It's their only choice, if they want to fight. However they do have the choice to figure out how to co-exist.

7/25/2006 07:52:00 AM  
Blogger aBhantiarna Solas said...

P.P.S. I wonder what the newspapers in England at the time reported? I know that there were Americans calling for the assassination of King George and who wanted his head on a platter. What if those were the only voices that the English heard? Just as the only Arab voices that we hear are those of the most extreme terrorists. There are indeed Arabs, even Arab heads of state (Lebanon, Jordan, Egypt to name a few) who agree with Israel's right to exist. But the only voices we hear are the extremists. It makes you wonder ...

7/25/2006 08:32:00 AM  
Blogger Liz said...

I'm not sure if this was clear from my comment, but I wasn't trying to defend Israel... I was just trying to make myself feel better that our country wasn't founded on evil terrorism. The truth is, war is never pretty; even if it is a "just war." After I posted my comment, I continued to think about the whole concept. And I was reminded of the war in Vietnam -- in school a vet came to speak to my class and he talked about how you couldn't trust anyone. He said people would pretend to be pro-American and give the troops soda or other food and it would laced with broken glass or poison. I think that's evil. But on the continuum of evil, I think it's less evil than terrorists who purposely target civilians just for the purposes of creating terror. As for Israel’s attacks on civilian targets... I understand their reasons, and I think they are slightly better than the terrorist because their motives are ever so slightly different. But even though I generally support Israel, I can't support or condone attacking civilians. So all I was trying to say in my first comment was that even though we fought dirty in the revolution, I don't think we fought evilly (if that's a word.) Kinda subtle, but I hope I'm making sense.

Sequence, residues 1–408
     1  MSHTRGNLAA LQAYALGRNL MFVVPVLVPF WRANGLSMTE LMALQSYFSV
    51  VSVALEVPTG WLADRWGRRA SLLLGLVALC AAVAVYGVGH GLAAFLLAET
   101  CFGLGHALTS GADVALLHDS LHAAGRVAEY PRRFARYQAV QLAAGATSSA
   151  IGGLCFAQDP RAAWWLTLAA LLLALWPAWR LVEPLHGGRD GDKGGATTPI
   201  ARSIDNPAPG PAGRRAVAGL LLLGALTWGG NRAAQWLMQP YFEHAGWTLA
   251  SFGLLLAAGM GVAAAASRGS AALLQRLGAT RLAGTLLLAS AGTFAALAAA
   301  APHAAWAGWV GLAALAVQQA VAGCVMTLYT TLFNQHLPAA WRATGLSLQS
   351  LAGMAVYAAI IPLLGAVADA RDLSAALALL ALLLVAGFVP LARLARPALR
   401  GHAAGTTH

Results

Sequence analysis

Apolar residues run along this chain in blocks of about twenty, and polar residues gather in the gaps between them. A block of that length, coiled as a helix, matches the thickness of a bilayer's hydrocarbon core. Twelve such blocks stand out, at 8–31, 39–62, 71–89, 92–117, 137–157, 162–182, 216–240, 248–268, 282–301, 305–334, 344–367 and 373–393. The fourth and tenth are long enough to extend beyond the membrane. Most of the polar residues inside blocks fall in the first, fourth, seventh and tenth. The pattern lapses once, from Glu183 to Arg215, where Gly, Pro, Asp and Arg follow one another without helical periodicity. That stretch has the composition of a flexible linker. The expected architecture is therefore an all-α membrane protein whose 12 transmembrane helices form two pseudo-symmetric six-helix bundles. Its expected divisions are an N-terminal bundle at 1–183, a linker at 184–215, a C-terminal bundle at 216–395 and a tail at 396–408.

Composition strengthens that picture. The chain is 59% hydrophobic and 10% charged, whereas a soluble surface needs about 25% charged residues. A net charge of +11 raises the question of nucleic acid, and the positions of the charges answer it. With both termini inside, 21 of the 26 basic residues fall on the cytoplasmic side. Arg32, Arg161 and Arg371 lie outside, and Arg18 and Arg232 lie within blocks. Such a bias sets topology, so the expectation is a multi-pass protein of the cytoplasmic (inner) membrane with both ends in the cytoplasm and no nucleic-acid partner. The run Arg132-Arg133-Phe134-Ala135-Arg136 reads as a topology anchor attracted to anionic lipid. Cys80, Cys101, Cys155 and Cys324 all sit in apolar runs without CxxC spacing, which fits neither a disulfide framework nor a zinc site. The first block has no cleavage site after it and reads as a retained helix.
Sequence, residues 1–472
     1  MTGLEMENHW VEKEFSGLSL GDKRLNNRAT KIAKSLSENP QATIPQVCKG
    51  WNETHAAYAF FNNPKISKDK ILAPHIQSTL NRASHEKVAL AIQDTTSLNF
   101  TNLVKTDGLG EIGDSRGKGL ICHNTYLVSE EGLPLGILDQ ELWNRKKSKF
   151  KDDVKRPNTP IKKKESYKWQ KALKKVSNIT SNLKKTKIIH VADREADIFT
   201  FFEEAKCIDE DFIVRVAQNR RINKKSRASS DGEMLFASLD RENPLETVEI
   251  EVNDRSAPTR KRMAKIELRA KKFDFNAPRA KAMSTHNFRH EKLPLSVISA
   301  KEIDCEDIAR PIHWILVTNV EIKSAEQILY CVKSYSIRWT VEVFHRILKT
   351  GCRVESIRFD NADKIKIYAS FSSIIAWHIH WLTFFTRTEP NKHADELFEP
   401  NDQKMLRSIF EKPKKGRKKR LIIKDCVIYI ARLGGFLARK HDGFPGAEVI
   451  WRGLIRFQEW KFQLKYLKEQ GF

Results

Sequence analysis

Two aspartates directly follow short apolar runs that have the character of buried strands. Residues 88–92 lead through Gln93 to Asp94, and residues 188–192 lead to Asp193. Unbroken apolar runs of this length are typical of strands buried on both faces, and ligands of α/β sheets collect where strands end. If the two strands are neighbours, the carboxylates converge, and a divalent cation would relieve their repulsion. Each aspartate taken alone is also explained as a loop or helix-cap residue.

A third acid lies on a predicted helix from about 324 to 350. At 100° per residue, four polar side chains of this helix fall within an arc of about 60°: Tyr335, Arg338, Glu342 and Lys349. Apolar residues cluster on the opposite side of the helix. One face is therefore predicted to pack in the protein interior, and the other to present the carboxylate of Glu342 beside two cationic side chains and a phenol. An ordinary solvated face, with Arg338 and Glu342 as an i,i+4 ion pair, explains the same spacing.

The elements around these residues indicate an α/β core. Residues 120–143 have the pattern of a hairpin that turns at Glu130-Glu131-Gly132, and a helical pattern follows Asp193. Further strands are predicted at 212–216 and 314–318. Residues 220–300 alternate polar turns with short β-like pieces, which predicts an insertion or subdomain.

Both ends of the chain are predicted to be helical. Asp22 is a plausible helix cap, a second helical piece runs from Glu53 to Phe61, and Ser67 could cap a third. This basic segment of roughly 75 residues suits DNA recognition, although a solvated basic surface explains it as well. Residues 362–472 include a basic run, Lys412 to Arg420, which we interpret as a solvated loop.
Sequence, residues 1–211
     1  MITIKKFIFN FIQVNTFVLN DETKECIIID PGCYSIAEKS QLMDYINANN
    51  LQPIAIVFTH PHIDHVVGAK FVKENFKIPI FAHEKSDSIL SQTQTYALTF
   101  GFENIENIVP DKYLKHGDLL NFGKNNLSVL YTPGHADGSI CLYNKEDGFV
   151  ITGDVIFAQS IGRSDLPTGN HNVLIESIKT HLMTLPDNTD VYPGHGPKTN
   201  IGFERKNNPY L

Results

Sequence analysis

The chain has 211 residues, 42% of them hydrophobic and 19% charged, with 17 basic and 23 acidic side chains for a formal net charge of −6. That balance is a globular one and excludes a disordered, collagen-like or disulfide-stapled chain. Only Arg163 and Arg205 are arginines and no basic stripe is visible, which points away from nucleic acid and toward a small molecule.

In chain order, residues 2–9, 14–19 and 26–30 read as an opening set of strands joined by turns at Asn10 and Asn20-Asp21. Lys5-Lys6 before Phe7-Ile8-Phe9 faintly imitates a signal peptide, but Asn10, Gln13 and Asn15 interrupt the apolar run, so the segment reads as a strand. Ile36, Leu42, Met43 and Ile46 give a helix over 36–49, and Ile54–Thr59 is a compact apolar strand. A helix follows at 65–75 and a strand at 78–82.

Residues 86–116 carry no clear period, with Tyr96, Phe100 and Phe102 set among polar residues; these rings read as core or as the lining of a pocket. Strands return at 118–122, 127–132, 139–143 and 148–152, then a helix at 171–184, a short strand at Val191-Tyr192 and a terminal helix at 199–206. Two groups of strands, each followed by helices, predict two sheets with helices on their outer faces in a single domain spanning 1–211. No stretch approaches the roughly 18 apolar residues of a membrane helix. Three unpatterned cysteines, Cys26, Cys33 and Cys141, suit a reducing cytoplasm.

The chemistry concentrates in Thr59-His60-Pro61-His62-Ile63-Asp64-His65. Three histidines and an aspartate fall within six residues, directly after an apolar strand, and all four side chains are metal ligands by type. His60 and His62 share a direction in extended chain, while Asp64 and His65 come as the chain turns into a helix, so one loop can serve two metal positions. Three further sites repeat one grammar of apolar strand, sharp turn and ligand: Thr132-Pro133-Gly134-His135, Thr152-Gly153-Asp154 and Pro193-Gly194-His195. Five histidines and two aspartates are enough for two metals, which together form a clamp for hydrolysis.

7/25/2006 11:35:00 AM  
Blogger aBhantiarna Solas said...

Hi Liz, yeah, you're making sense. And I agree with you. There is a continuum of evil.

I think we're just making different points. I'm making the point that we rarely, if ever, hear the moderate Arab point of view here. We always hear the extremists. But the reality is that there are Arab moderates ... we just don't hear from them and I wish we did.

I think that you're very qright about the issues of trust. I think it's been so terribly eroded on both sides in the region, that it's difficult for anyone to know who's coming from where anymore. It's all very, very sad.

7/25/2006 12:31:00 PM  
Blogger Liz said...

HAHA! You expect the news papers to print and the TVs to broadcast the moderate point of view? Shesh, how will the news outlets make any money doing that? ;-)